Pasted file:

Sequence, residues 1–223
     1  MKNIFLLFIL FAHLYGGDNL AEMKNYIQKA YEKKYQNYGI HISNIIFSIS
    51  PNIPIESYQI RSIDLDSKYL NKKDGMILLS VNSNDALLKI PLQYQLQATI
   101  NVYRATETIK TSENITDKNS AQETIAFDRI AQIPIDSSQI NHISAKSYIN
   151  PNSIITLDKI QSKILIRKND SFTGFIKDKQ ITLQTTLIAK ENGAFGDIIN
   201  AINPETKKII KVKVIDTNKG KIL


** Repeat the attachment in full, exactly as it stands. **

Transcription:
Sequence, residues 1–223
     1  MKNIFLLFIL FAHLYGGDNL AEMKNYIQKA YEKKYQNYGI HISNIIFSIS
    51  PNIPIESYQI RSIDLDSKYL NKKDGMILLS VNSNDALLKI PLQYQLQATI
   101  NVYRATETIK TSENITDKNS AQETIAFDRI AQIPIDSSQI NHISAKSYIN
   151  PNSIITLDKI QSKILIRKND SFTGFIKDKQ ITLQTTLIAK ENGAFGDIIN
   201  AINPETKKII KVKVIDTNKG KIL